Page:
As an experienced small business owner, an author, and a Literary Strategist – I understand the value in tapping into the wisdom of those who have traveled the journey before you – rather than facing the risk of trial-and-error. Not only is risk not suited for every personality– it is also not the best decision when timing is of the essence in getting a message that is not evergreen delivered to an audience who can more immediately benefit from your expertise. A literary strategy dilutes potential risk; as a more successful businessman, you should be taking advantage of known opportunities rather than bouncing, like an amoeba, from one unknown aspect of the book business to another. Granted, the entrepreneurial spirit describes many self-published authors. It is, however, one thing to take those invaluable and ever-present traits to acknowledge the intrinsic risks and another altogether to jump into the pond by writing, publishing and trying to promote a book – independent of a stronghold of existing publishing knowledge or at the very least – publishing relationships.
Knowledge + Support + Action = Success
Using a Literary Strategy, the shift from theoretical earnings to experiencing the success of a well-thought plan for your project is relatively simple as every action you take has significant impact – including the plan for adjusting to possible failures along the way. Making course corrections in a rapid manner is just not possible when you a) sacrifice large percentages of royalties to agents, publishers and distribution houses, and b) give up a certain amount of control in exchange for what is often mistaken as a professional supportive team. One thought to keep planted in your mind – if you are really pushing for a traditional publisher to carry you over the waves: agents, publishers, and distributors cannot guarantee a best seller; only your readers can do so! Consider for a moment if you spend as much time perfecting a book that would woo readers as you may be considering attracting a big publishing house that picks up less than one percent of the submissions received each hear. Which actions to you really feel would benefit you better – for the long-term?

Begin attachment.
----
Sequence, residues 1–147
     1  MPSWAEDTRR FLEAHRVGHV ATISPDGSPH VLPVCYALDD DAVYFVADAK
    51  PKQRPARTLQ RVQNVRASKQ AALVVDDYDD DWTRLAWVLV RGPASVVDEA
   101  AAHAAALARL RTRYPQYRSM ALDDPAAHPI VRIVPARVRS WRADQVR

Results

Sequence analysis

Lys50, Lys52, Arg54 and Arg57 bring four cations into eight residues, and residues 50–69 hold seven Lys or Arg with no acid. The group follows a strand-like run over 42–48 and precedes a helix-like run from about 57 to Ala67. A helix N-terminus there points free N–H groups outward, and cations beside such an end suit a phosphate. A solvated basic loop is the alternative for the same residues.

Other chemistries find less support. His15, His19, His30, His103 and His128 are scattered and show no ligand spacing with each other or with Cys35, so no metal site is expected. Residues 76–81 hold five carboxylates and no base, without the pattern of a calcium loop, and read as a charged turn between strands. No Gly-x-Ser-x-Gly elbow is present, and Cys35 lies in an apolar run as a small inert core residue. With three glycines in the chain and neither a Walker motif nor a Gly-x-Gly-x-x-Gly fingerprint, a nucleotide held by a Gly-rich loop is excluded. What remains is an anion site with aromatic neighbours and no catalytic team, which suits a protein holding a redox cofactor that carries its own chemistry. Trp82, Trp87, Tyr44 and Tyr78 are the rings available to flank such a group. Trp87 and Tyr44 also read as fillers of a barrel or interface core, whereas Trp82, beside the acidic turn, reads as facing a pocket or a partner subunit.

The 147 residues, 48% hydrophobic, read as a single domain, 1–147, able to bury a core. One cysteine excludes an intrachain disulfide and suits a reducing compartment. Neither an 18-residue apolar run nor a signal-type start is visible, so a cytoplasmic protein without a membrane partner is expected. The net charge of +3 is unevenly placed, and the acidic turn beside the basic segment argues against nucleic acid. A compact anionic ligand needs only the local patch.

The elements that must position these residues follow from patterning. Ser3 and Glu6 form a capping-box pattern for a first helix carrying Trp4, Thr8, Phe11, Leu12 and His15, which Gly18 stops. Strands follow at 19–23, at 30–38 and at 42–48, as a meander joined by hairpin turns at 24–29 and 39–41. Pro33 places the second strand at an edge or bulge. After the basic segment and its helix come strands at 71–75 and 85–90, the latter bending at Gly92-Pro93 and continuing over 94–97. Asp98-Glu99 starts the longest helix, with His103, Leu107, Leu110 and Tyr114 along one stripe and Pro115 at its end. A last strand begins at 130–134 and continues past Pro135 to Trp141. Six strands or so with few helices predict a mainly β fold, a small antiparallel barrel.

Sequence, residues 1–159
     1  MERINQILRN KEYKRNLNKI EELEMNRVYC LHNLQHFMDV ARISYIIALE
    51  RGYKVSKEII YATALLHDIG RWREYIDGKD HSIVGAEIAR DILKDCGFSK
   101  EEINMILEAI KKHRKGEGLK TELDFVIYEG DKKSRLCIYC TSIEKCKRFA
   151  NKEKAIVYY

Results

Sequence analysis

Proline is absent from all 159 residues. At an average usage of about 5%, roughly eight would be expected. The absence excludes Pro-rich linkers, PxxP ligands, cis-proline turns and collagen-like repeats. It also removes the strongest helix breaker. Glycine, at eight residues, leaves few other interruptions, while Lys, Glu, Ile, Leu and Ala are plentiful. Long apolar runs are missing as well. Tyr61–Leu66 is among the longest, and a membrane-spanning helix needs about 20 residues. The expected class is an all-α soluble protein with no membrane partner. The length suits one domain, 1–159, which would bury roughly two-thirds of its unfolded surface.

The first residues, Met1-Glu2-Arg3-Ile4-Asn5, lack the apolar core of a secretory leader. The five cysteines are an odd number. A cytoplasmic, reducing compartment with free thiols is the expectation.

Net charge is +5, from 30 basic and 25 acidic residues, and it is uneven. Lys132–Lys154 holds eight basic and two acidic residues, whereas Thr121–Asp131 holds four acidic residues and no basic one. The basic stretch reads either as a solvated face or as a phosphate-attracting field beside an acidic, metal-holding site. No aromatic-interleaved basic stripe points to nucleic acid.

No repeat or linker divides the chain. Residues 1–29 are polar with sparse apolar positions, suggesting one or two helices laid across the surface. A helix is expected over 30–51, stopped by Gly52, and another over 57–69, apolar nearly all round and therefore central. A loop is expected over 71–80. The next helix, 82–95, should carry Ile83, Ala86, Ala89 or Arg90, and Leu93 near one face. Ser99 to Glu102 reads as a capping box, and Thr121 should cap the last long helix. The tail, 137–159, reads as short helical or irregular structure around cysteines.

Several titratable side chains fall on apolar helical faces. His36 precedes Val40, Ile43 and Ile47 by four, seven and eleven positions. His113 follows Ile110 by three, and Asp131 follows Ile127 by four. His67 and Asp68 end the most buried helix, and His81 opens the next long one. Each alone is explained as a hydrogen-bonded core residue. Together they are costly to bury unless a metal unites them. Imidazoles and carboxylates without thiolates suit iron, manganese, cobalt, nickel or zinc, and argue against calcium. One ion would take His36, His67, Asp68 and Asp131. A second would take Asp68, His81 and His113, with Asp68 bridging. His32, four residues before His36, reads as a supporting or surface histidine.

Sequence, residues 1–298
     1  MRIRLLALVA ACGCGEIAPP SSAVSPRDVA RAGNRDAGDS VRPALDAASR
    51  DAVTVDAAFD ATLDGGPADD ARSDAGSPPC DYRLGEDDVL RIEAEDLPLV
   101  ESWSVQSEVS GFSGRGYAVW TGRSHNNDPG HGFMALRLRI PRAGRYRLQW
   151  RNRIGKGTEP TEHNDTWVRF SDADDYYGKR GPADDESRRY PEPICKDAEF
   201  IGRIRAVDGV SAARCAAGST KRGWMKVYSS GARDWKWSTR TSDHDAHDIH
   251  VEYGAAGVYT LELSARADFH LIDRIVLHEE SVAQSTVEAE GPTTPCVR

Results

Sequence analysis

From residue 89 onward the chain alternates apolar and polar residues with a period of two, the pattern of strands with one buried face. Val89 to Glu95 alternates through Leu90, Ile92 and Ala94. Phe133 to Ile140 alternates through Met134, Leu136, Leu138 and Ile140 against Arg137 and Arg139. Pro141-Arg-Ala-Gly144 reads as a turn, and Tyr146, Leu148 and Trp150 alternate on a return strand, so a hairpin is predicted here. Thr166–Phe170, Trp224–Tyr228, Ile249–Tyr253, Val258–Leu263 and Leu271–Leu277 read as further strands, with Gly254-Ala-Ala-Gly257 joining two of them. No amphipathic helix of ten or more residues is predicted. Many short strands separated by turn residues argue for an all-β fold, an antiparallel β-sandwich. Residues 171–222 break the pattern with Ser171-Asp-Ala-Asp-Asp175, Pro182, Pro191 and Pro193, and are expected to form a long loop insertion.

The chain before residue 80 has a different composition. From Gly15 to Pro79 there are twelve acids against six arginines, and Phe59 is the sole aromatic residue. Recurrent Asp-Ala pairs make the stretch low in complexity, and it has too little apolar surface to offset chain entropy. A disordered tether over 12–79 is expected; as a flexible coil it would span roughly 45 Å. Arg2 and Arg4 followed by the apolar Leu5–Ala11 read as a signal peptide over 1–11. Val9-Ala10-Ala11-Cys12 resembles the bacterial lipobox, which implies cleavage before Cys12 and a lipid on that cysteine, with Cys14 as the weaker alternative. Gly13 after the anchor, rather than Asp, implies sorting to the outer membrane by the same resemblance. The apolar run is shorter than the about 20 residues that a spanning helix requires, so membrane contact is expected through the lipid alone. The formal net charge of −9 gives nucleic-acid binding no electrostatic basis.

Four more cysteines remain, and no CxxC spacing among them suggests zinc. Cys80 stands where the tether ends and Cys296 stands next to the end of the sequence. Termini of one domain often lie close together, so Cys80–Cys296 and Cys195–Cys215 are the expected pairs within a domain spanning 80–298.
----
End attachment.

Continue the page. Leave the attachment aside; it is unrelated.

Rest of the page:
The beauty of finding the courage to self-publish is that you get to make the decisions that are in your best interest – whether that relates directly to your goals, values, risk inherence or overall budget. You don’t need to get all “squirrely” over having to craft a book proposal, outline, or budget if you focus more on the entire process as a “strategy” and consistently make “business” decisions about every step in which you engage in the process. Things become clear, streamlined, relatively accountable, and duplicable; fear of the unknown is reduced and actionable steps keep you in an ever-forward flow.
Three Phase Process
Every day you can read a new marketing piece touting that becoming an author constitutes engaging in three simple processes:
What is not delivered in those messages, however, and what seriously hinders the potential success of debut authors, is the book business is not a linear process. The actions that make publishing and promoting successful must be engaged in prior to and/or during the writing process! Simple they may be; easy – not always so.
My passion to support debut authors runs high – there are myriad authors with critical, life-changing messages to share. My assistance and direction is crucial for the serious debut author who wants to make the journey with a guide who has viewed the book business and the publishing process from all advantage points. The value I intended for this article is that four simple, but important points did indeed, encourage you to see your book as a business: investing in yourself, creating and implementing a literary strategy, adding knowledge, finding support and engaging in consistent action to gain success, and understanding the book business as a three-phase process.
In future posts, I will graciously share wisdom and creativity… the combination of which separates a “so-so” author from a highly-recognized one!
Anna Weber | Literary Strategist